Middle school is, of course, a horror show.
Bad skin. Brain and body growing in weird directions. All those deeply confusing new feelings.
And in the midst of this — your most terrifying and vulnerable moment — you’re thrust into the thunderdome, where a status-obsessed pecking order (and your place in it) has already been firmly established.
You’re now intelligent enough to articulate your misery, but not yet wise enough to fully comprehend it, let alone rise above it. Some part of you knows this won’t last forever. But it feels like it will.
“Eighth Grade,” the remarkable debut feature from writer/director Bo Burnham, gets at this feeling with more truth and humor and humanity than any movie I can think of.
Burnham ventured into the dark heart of modern-day middle school and returned with a brutally accurate and unflinching film, one that feels both absurdly funny and heartbreaking in hindsight. Just like middle school itself.
Front and center of nearly every shot in “Eighth Grade” is a brilliant young actress named Elsie Fisher. She plays Kayla, an introverted teen trying to endure her last week of eighth grade.
Kayla isn’t bullied so much as ignored. She was voted “Most Quiet” by her classmates, but she does, in fact, have a lot to say. She posts motivational videos on her YouTube channel, with advice about being yourself and stepping out of your comfort zone. In the videos, she displays a confidence that is almost entirely absent at school.
Her only friend is her sweet-natured single father, Mark (Josh Hamilton). He attempts to break through to her, but he can’t even get her to stop looking at her phone during dinner.
Kayla goes through the motions of her day, trying to survive her last week of middle school and enduring a procession of minor humiliations that you might find amusing or harrowing or both, depending on your grade-school experience.
She has a crush on a dumb boy. She gets invited to the pool party of a popular girl named Kennedy (at the behest of Kennedy’s mother). She digs up, then burns a shoebox time capsule she made in sixth grade, addressed to “the Coolest Girl in the World.”
Inside the time capsule is a SpongeBob SquarePants thumb drive that contains a video addressed to her future eighth-grade self — the video a monument to how thoroughly she’s failed to become the person she’d hoped by now to be.
If “Eighth Grade” is a great movie about adolescence, it’s also a great one about the almost boring ubiquity of technology. Kayla is immersed in screens and apps. There are full sequences of Kayla just sitting in her bedroom, endlessly scrolling through Instagram — liking her classmates’ posts and participating in a community that has barred her from entry IRL. A shattered iPhone screen becomes a symbol of her spiraling mental state.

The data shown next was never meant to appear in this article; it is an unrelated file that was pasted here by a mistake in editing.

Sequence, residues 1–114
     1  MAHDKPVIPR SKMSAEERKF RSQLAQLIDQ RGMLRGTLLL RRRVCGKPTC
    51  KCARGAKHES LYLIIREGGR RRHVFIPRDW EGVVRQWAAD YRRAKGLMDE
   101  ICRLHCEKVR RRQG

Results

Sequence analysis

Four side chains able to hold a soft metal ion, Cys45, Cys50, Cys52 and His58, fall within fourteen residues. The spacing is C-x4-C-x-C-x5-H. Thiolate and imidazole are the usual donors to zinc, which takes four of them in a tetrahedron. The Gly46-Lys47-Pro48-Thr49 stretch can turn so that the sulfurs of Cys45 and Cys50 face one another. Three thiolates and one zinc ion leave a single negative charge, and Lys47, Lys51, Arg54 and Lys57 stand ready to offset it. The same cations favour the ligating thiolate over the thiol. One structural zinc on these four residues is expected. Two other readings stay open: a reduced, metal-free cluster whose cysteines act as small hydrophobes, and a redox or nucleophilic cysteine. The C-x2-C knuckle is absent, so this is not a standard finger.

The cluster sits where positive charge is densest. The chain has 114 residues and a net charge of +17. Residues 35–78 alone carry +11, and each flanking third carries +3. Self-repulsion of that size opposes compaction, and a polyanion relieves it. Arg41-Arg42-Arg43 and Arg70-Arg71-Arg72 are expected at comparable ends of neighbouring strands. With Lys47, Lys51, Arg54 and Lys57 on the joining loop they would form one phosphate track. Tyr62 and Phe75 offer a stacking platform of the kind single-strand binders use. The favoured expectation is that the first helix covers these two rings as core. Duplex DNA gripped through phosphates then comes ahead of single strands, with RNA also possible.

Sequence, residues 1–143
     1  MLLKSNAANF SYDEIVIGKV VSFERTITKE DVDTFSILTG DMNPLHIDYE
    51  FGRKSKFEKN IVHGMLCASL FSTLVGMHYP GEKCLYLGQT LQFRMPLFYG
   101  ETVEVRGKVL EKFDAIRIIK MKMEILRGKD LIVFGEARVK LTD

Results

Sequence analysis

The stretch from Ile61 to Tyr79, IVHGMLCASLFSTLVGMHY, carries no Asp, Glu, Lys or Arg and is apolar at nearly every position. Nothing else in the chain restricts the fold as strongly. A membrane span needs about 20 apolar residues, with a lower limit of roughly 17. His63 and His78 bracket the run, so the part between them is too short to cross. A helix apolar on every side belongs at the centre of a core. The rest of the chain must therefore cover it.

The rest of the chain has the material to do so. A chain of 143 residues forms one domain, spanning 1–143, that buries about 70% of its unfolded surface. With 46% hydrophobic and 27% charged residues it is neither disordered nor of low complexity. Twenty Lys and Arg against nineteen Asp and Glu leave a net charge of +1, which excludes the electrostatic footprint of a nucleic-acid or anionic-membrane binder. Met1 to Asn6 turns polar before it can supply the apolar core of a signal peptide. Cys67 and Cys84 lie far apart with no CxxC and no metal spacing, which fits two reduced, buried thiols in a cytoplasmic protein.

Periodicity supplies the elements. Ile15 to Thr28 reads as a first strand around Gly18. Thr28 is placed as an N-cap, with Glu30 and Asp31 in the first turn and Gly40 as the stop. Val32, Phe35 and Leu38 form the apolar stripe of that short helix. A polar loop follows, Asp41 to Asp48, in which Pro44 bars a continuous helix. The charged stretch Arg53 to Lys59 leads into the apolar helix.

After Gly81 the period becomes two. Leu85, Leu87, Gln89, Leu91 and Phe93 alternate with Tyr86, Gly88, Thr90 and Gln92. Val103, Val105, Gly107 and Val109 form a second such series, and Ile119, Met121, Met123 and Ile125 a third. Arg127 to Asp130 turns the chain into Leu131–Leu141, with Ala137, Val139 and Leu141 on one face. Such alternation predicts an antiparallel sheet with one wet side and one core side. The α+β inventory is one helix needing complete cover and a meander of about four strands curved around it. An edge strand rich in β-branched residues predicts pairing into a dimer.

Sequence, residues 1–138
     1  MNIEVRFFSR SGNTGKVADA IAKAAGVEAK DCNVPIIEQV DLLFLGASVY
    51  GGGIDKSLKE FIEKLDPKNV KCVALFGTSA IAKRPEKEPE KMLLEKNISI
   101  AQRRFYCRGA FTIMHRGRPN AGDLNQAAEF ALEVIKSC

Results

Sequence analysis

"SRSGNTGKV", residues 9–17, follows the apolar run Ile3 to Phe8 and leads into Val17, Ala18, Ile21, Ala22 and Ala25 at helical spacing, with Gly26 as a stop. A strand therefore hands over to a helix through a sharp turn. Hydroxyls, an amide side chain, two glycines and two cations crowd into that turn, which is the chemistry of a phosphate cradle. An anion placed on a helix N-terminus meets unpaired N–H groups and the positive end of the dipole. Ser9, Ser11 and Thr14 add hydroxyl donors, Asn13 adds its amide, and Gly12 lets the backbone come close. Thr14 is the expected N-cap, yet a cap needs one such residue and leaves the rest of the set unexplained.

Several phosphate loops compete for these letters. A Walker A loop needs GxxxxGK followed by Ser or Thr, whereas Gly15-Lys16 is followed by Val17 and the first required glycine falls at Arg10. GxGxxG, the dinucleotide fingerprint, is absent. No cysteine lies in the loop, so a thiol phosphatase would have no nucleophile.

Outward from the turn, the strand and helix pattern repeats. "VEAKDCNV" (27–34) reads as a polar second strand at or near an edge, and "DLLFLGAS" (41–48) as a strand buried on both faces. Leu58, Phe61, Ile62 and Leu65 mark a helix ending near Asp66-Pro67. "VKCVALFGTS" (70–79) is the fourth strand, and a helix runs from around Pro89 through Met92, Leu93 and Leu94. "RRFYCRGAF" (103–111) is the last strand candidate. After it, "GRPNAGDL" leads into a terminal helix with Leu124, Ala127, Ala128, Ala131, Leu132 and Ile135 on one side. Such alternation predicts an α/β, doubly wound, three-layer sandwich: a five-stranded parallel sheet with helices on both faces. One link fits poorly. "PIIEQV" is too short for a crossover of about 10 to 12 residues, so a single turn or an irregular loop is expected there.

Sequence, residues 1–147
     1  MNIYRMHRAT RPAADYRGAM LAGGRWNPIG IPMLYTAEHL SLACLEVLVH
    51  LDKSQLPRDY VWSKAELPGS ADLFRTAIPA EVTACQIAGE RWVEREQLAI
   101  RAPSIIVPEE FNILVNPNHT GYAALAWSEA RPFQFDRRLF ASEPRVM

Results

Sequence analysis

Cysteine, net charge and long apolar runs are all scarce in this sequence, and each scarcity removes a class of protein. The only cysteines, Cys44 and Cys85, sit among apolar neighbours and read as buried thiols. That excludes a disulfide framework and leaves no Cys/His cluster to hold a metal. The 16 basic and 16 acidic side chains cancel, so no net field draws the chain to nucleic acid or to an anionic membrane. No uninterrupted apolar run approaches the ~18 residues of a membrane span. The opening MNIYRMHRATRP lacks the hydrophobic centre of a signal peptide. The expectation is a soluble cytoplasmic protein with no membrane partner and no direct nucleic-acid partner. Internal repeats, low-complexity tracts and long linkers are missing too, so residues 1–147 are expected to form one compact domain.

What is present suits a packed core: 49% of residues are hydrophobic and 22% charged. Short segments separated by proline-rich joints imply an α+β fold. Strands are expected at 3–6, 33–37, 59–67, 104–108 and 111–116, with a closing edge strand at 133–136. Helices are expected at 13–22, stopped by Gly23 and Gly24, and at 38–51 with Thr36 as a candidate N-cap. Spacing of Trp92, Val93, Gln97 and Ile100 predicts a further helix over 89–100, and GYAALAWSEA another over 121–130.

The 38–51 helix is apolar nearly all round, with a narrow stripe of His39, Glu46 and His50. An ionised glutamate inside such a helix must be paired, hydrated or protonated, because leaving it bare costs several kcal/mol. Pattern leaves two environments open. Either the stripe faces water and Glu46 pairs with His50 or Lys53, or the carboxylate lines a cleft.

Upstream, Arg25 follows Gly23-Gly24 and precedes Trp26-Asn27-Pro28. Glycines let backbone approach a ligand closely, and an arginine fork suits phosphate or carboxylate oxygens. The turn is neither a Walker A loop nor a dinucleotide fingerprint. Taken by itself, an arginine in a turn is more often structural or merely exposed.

In an earlier version of the script, Burnham was woefully dated on his social media. (He had the kids using Facebook!)
But he invited Fisher and the rest of his young cast to be story collaborators, and they educated their ancient director (27!) on how young people live online in 2018. This collaboration carries through every frame of “Eighth Grade,” every line of dialogue. It’s rare to find a movie that rings this true, especially when it’s about something as alien as modern teenagers.
“Eighth Grade” is part of a renaissance of great teen movies (like “Lady Bird” and “The Edge of Seventeen”) about young women trying to make it through the meat grinder of adolescence intact. But whereas those movies still have the veneer of movieness to them, “Eighth Grade” often feels like a documentary.
It’s not that Burnham’s filmmaking lacks for oomph. He lands a few killer track drops, and he ensconces the visuals in an appropriately Internet-y aesthetic. But his script and Fisher’s performance don’t have an ounce of artifice on them.
Kayla feels so real — is so easy to empathize with — that by the time the big emotional scenes come around, the movie doesn’t need to do much or say much to leave you devastated. In the end, this is a profoundly eloquent movie about a young woman struggling to express herself — refusing to be consumed by the horrors of youth.
There’s no small amount of hope at the heart of “Eighth Grade.” Hope that it will get better for Kayla. Better for anyone. But the movie also understands something essential, something from which it derives much of its power:
It understands that whatever happens after, your time as a frightened, awkward kid will echo on down throughout the rest of your life. That what you like to think of as your adult personality is really just a compilation of defense mechanisms you picked up in middle school.
A note on this movie’s R rating
The film contains some bad language and sexual content. There’s a scene in which a character looks up a how-to-give-oral-sex tutorial video on YouTube and considers practicing on a banana. At one point, there’s a threat of sexual assault. There’s also a disturbing and darkly funny scene in which Kayla and her classmates do a school-shooting drill.
Despite this, or perhaps because of it, I’d recommend taking older children to “Eighth Grade,” if you think they’re mature enough to handle it. There’s no other movie right now that so earnestly attempts to understand what it’s like to be a teen.